quest for belief, so the casting of the bell in Andrei Roublev by the
young boy who has never done the work before and the miraculous delivery
from certain destruction in The Sacrifice are fundamental statements of belief.
Confronted with a global war, Alexander is forced to his knees in an act of
humility and repentance. He grasps for God, promising to sacrifice everything
and to take a vow of silence, if God will avert the catastrophe. But how
can a process of universal destruction, once set in motion, be reversed
by the prayers of a recluse? How can Alexander's strength
of belief be demonstrated in a plausible manner that still observes
the natural laws of the world in which the film takes place? Alexander's
plea is granted. The inevitable holocaust is averted by the seemingly
simple device of turning the catastrophe into a dream, from which Alexander
now awakes. This is not a banal, sentimental trick, but a stroke of
genius; and when Alexander, at first scarcely trusting his fortune,
slowly reassures himself of the fact, he does not
back out of his vow, but acknowledges this wonderful dissolution
of his horror into a dream from which he may awake as an act of God,
as God's active but unseen answer to his prayers. It is no mere happy
coincidence and release. More than ever he must honour his
vow, even if this means incurring the misunderstanding and
despair of others. To keep faith and to preserve his own
peace of mind, he is prepared to risk appearing insane in the eyes of
In view of the "last chance" Otto presents him with, one might of course
ask whether Alexander's sacrifice was really necessary. Having sworn to
forsake all worldly possessions and relationships, he is suddenly confronted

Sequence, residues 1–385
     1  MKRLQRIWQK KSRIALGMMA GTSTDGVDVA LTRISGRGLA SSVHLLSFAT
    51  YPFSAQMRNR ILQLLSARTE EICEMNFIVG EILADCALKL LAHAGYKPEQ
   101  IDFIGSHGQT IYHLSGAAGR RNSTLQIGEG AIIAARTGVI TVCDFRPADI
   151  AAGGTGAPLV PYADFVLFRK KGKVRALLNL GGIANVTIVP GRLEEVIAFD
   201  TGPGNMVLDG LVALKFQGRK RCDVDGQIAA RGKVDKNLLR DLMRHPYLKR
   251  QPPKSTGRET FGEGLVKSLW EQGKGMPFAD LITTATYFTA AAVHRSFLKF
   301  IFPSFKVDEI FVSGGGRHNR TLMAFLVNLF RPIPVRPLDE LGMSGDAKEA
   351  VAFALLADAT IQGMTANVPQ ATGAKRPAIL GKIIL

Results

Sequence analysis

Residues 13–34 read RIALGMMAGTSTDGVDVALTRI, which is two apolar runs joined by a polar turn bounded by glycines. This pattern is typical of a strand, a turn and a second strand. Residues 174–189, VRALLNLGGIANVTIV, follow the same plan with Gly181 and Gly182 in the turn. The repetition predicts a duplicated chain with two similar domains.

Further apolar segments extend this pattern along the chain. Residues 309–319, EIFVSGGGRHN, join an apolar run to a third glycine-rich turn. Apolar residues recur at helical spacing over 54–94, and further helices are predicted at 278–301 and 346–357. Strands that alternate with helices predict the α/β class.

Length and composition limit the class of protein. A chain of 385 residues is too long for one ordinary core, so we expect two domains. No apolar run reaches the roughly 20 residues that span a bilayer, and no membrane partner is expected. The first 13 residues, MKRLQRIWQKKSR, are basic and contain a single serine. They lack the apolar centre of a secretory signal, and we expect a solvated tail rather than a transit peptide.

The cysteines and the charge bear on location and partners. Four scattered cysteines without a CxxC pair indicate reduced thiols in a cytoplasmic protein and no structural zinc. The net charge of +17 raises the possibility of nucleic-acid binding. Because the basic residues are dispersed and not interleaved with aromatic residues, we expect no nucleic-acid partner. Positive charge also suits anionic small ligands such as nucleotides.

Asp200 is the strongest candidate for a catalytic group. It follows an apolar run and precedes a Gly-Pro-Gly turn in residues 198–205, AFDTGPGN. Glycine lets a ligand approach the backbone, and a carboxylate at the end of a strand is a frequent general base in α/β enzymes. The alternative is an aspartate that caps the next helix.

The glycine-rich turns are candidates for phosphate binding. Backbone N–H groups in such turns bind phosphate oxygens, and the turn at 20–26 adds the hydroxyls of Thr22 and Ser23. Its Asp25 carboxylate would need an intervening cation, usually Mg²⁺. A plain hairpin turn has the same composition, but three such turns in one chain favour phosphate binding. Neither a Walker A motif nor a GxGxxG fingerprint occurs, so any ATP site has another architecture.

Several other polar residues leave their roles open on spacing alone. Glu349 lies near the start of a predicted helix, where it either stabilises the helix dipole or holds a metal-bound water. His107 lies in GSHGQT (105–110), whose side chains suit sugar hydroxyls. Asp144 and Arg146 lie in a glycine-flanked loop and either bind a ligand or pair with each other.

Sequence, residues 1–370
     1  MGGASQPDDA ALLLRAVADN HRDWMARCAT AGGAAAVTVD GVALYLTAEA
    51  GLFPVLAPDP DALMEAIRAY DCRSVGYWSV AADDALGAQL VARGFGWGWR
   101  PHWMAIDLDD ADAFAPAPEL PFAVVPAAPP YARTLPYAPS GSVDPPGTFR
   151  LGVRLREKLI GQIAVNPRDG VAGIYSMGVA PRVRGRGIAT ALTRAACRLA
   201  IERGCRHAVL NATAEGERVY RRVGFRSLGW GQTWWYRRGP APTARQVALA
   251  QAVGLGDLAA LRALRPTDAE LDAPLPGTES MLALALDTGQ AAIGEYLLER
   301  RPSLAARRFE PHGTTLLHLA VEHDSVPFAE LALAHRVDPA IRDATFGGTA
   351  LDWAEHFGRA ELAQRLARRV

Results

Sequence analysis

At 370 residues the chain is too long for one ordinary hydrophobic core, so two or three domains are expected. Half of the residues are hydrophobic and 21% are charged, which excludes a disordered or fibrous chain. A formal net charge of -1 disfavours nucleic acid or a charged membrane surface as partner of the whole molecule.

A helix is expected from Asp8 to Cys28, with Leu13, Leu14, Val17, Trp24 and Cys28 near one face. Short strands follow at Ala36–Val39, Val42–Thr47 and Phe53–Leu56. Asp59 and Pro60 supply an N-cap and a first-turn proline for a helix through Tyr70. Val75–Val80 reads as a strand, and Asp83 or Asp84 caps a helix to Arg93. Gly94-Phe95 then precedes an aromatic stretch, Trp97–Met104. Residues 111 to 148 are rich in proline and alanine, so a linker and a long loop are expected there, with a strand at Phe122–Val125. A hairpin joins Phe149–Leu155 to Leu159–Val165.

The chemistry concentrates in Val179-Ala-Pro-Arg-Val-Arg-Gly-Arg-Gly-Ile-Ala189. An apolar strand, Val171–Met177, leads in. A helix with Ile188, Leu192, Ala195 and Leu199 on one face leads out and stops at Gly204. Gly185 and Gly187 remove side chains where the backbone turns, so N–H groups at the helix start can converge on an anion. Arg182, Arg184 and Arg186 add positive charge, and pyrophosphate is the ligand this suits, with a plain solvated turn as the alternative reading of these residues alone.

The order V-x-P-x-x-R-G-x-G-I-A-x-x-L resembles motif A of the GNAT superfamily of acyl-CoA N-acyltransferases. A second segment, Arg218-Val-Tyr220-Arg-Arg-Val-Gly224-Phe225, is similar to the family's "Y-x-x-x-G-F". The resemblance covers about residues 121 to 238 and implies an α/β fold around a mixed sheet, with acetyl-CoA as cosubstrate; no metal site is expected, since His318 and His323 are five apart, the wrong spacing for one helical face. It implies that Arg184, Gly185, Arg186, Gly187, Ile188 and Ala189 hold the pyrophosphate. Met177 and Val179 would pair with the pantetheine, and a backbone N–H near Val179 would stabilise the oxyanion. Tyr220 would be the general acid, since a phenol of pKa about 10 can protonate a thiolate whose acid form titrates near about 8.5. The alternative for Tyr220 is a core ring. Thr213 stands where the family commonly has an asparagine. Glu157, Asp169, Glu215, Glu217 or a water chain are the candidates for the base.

with the promise of redemption through Maria. Is this an immediate answer to
his prayers, the response to his vow, or is it an alternative to sacrifice?
One might equally ask, in view of Alexander's readiness to honor his pledge,
whether God might not have intervend at the last moment to prevent him
carrying out his terrible deed, just as He had stopped Abraham taking the
life of Isaac. Both questions are, however, irrelevant. There can be no
room for doubt in Alexander's mind; a failure to act would be a return
to the prevarication he abhors; and a direct intervention by God would
invalidate the very rule the film has established.
The supposition that this whole central episode is but a dream is supported
by a number of circumstances: by the many references to sleep; by the irrational
dreamlike actions that occur; and, more conclusively, by Tarkovsky's use
of a differentiating colour code. The entire central nocturnal section of
the film, from the time Alexander goes out into the garden to seek Little Man
and finds Maria and the model of the house, to the time he wakes on the
couch in the morning, is cast in the form of a dream and is photographed
in darkly lit sequences virtually devoid of colour. The everyday waking
reality of beginning and end is painted in the pale, natural colours
of the northern summer, framing the interior world of the dream. There is also